Banner image: courtesy of Victoria Gray. Image description: Screenshot from Victoria's performance film showing the ridge of her spine while bent forward, clothed in a plain linen shirt. Only the top of her back and her shoulders are visible.

Watch Welter now

Late last year, we supported artist Victoria Gray with the premiere of her latest performance artwork, 'Welter.' Richard James Hall experienced this performance through the Shape website and felt a strong reaction. Read on to find out why...

Welter (2021) made by artist Victoria Gray in collaboration with Sam Williams is one of the most important pieces of performance artwork in relation to autistic perception, presentation, and performance that I have seen.

As an autistic performance artist myself, Welter touches on something that I have personally found difficult to convey in any clear form or with any clarity in written text, spoken language, or even performance itself.

Neurodivergent individuals, and indeed collectives, constantly have to process and negotiate with the world around us, regulating ourselves according to how we have learnt or been taught to deal with the various sensory encounters that can overwhelm us. 

Our subsequent behaviours of self-regulation, such as stimming, are often viewed by neurotypical onlookers as ‘quirks,’ strange, or even offensive behaviour, disruptive of the usual and anticipated daily interactions expected of people. We are judged by our behavioural patterns, which can lead to interrogation, mockery, and even physical confrontation.

The very act of behaving in such a manner and encountering its consequences means many neurodivergent people are forced to self-moderate, to mask in order to protect ourselves from harm. By performing in a way that is more likely to be perceived and engaged with well by others, we must mask our real selves with a façade, the labour of which can add to the mental and physical exhaustion of interactions taking place on neurotypical terms.

To attempt to explain what is happening within ourselves as neurodivergent people in these situations through the frames of language – be it written or spoken – is something I have often found challenging. We lack the necessary words to convey succinctly the experience. Without the tools, or the space to develop them, neurodivergent people often find themselves operating within neurotypical parameters, measuring their experiences using a system that was never designed with them in mind.

In contrast to this experience, Victoria Gray has delve straight into the heart of this ambiguity in Welter, allowing the work space to exist without committing to a thorough or convenient explanation of itself, or at least not an explanation that can be understood entirely linguistically. Welter speaks to its audience through more: through movement, sound, embodiment. It speaks in a way more familiar to many neurodivergent people.

Presented as a performance-to-video, Welter frames Victoria in a manner that attempts to make the artist’s own body into a human form that is both definable by some obvious indicators and yet also hides away the elements that make it identifiable as the artist herself. The lack of strong lighting as well as the dull colours of the performance setting provide the viewer with no real distinctions while implying that the content is perhaps something preferably handled in the dark, not brought out into the light of day.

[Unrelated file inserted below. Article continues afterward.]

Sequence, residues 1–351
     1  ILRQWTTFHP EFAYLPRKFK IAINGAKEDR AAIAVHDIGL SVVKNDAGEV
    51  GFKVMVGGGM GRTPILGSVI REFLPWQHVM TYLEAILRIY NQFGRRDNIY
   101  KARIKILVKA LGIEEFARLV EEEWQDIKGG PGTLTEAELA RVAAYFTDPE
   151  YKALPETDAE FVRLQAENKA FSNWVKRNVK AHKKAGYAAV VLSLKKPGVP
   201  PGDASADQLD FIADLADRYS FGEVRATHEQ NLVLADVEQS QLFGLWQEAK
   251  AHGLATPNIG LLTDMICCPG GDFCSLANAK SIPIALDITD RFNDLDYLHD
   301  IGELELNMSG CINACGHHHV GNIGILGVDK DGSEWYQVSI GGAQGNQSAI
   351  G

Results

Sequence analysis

Though the frame centres Victoria’s upper torso, we do not see her face or her features. Rather, we see the body hunched forward, wearing an uncomfortable looking top of natural fibres, the neck bent forward so as to reveal protruding vertebrae, the head bent so as to allow locks of dark hair to mask the performer’s face throughout the film. Victoria’s downward gaze, away from the eye of the camera, reminds me of my own difficulty maintaining eye contact and of the intensity which neurodivergent people often associate with it.

As the hands and arms reach out, holding position then embracing and flicking occasionally to the side, the body holding onto a state of tension in the hands, arms, shoulders, neck, and back, before its forced to release itself and this excess of energy, coinciding with growing banging sounds, the artist’s body meeting the surface on which it performs.

Throughout Welter, we witness an artist whose tension, movement, and interaction with themselves, their space, and the camera highlights a reality in which some people process the various sensory encounters that we face through self-regulatory behaviour patterns. More than this, though, the work provides embodied understanding of neurodivergent experience. It’s more than insight, it is meaningful re-presentation of an experience that words alone cannot define.

Victoria Gray, with this new work, is helping to further shape the discourse of what it is to be autistic. Not only does Welter contribute a valuable and nuanced performance of experience, but it also opens possibilities for how such encounters are communicated, documented, and preserved in future.

Read our interview with Victoria Gray Find out more about the artist